Activists visited the State Capitol on Thursday afternoon and lobbied for paid family and medical leave.
These activists were pushing Connecticut lawmakers to pass a paid family and medical leave this session.
"It's time we stop treating child care like a side issue and give it the priority it deserves," Catherine Bailey with the Connecticut Women's Education and Legal Fund said. "Women are still most often the primary caregivers in their families.”
Connecticut lawmakers received stuffed puppies to help "underscore the need and priority that passing a paid family leave bill should be afforded this session."
"One in four women goes back to work only two weeks after having a baby and yet a puppy in Connecticut cannot be separated from its mother before eight weeks," Bailey said.
As Mother’s Day approaches, Bailey said she hopes “lawmakers will not only consider the many sacrifices mothers make to start families.”
“But, also pass paid leave because it's just smart economic policy that bridges the gender pay gap and builds wealth for families and our State," Bailey said.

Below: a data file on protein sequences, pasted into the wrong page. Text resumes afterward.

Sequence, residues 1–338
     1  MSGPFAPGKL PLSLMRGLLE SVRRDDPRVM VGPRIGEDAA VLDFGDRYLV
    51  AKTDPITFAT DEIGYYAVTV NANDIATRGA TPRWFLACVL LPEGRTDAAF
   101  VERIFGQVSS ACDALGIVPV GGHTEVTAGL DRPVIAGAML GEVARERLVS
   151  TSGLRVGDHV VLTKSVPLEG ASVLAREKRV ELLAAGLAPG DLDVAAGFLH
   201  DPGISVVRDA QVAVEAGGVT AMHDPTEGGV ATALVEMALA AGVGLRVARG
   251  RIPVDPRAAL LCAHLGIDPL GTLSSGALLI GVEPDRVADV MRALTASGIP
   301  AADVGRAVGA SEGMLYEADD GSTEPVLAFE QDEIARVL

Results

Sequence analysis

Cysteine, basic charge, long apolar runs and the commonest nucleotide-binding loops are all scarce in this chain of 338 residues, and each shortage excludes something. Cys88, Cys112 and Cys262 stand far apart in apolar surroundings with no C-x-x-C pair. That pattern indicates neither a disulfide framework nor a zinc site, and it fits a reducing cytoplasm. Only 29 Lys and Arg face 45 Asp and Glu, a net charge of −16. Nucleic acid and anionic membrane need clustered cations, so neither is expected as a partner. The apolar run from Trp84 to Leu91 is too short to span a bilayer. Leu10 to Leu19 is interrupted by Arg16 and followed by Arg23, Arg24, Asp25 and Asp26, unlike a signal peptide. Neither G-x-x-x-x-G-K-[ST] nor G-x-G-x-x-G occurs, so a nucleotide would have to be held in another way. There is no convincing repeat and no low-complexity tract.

The bills would allow employees to earn up to 12 weeks of paid family and medical leave by having them contribute a portion of their paycheck to a fund starting in 2019.
"I've seen it too many times when a woman has to make a choice between her job and her baby," Westport representative Juliana Hess said.
Lindsay Farrell with Working Families Organization said paid leave is needed “to close the pay gap.”
“Women lose 4% of their earning potential with every child that they have because they are fired from their jobs, punished for taking time off, or unable to advance because they leave the workforce and need to start over. Connecticut will lose even more workers and families to our neighboring states who provide the paid family and medical leave,” Farrell said.
Some legislators said it's a win, win for employees and employers.
"I I think it absolutely makes Connecticut a more attractive place to work," Josh Elliott (D-Hamden) said. "I think one of the big misnomers of being business friendly is that it has to be good for the owner. I think if we have good business policies that attract good laborers then we'll be able to have strong businesses."
While many said they are optimistic the bill will pass before the end of the session, there are still hurdles to overcome.
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